PRESSURE is mounting on the Irish Government to introduce a national identity card scheme following a survey which found that over half of teenagers feel this would help them remember important personal details when drunk.
The WIT survey asked over 4,000 teenagers across the country what they thought about the introduction of a compulsory ID card system.
One fourteen-year-old who took part in the survey said today: “I think its a great idea. If I had a can of dutch for every time I forgot my name and address when elephants I probably wouldn’t remember anything about myself right now. I’d be wrecked outa me head like. This conversation would probably be going in a totally different direction.
At least with an ID card, you could just hand it to the arresting Gardai so they’d know which house to to bring ya to.”
The ID card scheme was the most popular option among teenagers to combat the problem of passing out and not being able to communicate important personal details to ambulance crews and Gardai.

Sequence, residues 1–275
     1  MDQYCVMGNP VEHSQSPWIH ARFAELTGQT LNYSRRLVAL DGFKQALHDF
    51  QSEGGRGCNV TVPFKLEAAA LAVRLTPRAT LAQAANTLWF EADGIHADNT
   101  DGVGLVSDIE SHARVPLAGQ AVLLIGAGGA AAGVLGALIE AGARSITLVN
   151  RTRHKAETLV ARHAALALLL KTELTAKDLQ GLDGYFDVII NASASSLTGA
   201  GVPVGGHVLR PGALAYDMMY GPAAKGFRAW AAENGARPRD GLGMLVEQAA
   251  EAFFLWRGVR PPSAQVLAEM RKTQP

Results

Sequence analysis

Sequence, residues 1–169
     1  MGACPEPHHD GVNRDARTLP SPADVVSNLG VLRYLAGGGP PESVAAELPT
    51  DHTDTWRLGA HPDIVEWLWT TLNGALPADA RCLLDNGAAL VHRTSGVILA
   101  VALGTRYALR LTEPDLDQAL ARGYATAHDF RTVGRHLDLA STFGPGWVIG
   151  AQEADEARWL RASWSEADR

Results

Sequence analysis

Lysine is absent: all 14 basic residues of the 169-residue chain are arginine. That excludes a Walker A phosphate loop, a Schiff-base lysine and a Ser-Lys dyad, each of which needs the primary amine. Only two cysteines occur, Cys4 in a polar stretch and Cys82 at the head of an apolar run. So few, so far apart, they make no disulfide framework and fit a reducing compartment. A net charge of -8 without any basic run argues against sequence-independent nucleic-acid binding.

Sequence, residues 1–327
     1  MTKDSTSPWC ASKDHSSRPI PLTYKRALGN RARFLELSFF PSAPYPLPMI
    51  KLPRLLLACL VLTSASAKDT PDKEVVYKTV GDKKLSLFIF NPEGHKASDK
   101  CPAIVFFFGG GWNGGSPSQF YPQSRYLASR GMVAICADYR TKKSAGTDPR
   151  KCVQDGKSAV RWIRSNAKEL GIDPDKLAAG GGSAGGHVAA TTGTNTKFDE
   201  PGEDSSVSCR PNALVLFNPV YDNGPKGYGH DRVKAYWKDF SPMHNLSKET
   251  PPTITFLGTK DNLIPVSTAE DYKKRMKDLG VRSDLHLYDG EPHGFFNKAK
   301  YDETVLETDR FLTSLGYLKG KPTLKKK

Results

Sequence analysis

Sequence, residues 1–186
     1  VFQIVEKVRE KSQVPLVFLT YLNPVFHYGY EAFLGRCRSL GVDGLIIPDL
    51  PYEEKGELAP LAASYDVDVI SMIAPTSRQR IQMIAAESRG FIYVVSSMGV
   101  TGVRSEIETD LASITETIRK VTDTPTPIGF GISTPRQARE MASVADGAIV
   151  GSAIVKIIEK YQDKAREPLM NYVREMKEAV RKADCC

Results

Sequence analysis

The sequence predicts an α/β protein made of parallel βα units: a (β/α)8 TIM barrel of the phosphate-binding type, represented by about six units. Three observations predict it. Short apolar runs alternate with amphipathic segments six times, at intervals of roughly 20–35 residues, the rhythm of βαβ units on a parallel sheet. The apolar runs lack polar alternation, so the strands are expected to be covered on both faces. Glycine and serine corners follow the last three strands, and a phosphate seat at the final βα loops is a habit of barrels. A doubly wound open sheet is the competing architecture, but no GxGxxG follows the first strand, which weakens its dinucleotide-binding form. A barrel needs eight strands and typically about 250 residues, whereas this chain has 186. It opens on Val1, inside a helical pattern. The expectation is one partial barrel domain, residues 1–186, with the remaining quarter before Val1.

Minister for Justice and Law Reform, Dermot Ahern, said that he was thinking of introducing a compulsory ID card system but “had chosen not to because it would probably promote binge drinking.”
“They would just abuse the card. Teenagers would just treat it as a means of a lift home, leaving them free to drink as much as they wanted in parks and ditches.” he said.
Teenagers dismissed the idea that they would just ‘use’ the card as a means of late night transportation.
One 17-year-old girl from Ballymun said “I don’t agree with whats his face there. The card would come in handy for more important things like proving that your legal tender an’ all. Reassuring older fella’s who are afraid to come on to ya cause you look to young. At least with the card I can prove i’m 17 and get the ride an’ all. The cards are also deadly for cuttin up coke cause of the blunt edges. They also make great collectors items. Me mate Decco has hundreds of bleedin ID’s and passports in his gaff and makes a bleedin fortune selling them to other collectors an’ all.”
It will come as a disappointment to many parents that 37 percent of teenagers who took part in the survey said that they didn’t want to see the card introduced as it would only remind them they had homes to go to.
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